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Journal of Management OnlineFirst, published on September 23, 2009 as doi:10.

1177/0149206309342468

An Affective Events Model


of Charismatic Leadership
Behavior: A Review,
Theoretical Integration, and
Research Agenda

Journal of Management
XX(X) xxxx
Southern Management
Association 2009
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sagepub.com/journalsPermissions.nav
DOI: 10.1177/0149206309342468
http://jom.sagepub.com

Frank Walter1 and Heike Bruch2

Abstract
Although research has long focused on the consequences of leaders charismatic behavior,
the antecedents of such leadership are increasingly gaining scholarly attention. Nevertheless,
the antecedent-oriented literature on charismatic leadership has been fragmented to date
and lacks theoretical integration. Also, important gaps remain within this developing line of
inquiry.Therefore, this article systematically reviews extant research on charismatic leadership
behavior emergence and advances a more comprehensive perspective by integrating previous
work into an overall conceptual framework. Building on these considerations, the authors
outline potentially fruitful directions for future research.
Keywords
charismatic leadership, transformational leadership, affective events theory
Research has accumulated ample evidence demonstrating the beneficial consequences of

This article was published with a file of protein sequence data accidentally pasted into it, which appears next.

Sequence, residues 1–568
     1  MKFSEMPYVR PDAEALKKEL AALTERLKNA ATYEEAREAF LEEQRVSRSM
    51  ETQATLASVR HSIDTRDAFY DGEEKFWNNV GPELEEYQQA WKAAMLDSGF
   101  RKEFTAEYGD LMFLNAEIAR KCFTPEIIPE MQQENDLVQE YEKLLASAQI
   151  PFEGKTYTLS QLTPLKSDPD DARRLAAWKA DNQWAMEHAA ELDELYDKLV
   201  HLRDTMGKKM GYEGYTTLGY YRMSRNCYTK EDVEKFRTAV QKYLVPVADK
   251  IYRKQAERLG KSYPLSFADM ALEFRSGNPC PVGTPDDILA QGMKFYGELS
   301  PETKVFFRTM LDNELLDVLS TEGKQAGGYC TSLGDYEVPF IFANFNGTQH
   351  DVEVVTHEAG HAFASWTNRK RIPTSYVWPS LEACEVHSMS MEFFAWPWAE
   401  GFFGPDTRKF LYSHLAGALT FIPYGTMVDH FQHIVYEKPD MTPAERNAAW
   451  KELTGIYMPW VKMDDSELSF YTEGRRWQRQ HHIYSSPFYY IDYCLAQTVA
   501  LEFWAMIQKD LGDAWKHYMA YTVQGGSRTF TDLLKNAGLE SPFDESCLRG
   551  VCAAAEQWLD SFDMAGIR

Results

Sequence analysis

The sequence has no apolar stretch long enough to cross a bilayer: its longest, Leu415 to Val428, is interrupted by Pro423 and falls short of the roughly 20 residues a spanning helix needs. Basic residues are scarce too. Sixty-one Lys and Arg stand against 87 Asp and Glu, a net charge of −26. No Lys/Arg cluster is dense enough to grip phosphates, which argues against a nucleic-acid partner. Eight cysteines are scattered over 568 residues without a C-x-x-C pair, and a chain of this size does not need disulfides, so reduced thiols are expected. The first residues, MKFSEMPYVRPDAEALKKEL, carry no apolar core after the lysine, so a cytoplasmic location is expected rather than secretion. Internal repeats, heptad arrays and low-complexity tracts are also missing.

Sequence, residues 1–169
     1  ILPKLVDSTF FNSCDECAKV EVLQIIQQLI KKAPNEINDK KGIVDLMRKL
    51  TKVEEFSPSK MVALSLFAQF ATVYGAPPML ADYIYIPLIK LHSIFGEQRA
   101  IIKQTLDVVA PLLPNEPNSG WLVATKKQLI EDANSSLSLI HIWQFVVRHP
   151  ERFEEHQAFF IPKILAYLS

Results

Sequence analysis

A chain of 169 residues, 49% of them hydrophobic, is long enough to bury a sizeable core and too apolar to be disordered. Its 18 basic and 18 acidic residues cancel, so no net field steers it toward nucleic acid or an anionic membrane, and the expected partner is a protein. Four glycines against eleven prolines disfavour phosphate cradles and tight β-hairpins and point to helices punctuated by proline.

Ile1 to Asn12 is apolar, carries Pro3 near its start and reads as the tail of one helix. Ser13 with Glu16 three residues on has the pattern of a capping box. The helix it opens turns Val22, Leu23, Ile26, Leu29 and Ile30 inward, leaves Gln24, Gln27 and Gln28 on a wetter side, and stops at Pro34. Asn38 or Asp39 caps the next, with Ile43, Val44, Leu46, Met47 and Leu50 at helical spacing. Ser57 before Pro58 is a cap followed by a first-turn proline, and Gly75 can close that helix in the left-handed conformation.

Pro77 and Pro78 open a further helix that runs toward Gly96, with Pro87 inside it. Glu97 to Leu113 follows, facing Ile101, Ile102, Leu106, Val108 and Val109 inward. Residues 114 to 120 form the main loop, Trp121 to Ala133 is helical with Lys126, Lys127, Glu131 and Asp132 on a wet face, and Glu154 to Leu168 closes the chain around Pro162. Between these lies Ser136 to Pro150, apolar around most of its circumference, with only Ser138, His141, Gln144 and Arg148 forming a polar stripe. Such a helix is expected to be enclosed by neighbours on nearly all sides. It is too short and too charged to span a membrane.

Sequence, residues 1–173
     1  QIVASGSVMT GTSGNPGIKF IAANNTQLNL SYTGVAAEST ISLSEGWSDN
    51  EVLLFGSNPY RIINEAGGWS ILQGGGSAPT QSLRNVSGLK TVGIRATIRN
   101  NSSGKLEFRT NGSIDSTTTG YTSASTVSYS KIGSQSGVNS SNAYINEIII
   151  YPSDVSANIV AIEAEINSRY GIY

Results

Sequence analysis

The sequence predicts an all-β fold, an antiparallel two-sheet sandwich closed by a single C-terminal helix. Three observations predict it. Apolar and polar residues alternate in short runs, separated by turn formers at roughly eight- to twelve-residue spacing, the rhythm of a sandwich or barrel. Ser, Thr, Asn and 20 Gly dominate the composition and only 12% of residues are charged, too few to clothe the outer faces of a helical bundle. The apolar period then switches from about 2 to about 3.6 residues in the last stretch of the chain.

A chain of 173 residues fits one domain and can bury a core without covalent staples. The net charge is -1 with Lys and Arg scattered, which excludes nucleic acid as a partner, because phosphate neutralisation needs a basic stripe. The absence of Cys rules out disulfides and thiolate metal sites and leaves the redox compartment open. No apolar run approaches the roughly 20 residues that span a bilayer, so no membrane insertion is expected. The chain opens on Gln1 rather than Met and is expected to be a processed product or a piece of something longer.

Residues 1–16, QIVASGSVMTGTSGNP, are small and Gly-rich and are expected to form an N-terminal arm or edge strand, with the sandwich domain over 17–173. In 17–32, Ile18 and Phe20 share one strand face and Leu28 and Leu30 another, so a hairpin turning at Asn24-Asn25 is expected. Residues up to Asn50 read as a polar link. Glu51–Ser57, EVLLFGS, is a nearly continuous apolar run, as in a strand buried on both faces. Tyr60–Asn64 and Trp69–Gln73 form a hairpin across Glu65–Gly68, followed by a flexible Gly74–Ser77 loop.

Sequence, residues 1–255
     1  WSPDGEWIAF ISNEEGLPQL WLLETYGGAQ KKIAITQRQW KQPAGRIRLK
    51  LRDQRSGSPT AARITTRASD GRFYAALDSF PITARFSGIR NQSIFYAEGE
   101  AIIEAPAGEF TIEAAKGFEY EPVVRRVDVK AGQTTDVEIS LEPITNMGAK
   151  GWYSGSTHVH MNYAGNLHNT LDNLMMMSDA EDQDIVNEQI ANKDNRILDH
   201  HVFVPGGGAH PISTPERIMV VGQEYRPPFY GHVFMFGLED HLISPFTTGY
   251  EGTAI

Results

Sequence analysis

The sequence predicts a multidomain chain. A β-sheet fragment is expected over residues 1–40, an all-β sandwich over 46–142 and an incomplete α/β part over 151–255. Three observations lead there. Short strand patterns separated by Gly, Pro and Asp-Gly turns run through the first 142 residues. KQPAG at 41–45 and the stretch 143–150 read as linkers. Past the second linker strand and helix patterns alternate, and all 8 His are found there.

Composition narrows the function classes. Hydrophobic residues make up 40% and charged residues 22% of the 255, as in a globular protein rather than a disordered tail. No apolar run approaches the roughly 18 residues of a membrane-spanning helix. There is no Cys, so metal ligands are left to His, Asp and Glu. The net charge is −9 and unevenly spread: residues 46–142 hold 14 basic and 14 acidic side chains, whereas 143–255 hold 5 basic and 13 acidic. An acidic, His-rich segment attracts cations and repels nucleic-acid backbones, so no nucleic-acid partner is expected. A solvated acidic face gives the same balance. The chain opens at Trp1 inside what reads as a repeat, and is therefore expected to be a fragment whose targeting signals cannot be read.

charismatic leadership behavior (e.g., Judge & Piccolo, 2004; Lowe, Kroeck, & Sivasubramaniam, 1996). Such behavior includes the leader acting as a role model for followers, displaying
a sense of power and confidence, and making bold, unconventional decisions. Furthermore,
charismatic leaders develop and communicate an emotionally captivating vision, foster the
acceptance of shared goals, and motivate followers for the achievement of common aspirations (Avolio & Bass, 1988; Conger & Kanungo, 1987; Shamir, House, & Arthur, 1993). This

University of Groningen, Groningen, The Netherlands


University of St. Gallen, St. Gallen, Switzerland

Corresponding Author:
Frank Walter, Faculty of Economics and Business, Department of HRM & OB, University of Groningen, Nettelbosje
2, 9747 AE Groningen, The Netherlands
Email: f.walter@rug.nl

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set of behaviors is reflected in related leadership concepts, such as transformational (Bass,


1985; Burns, 1978) and visionary leadership (Sashkin, 1988). Measures of such leadership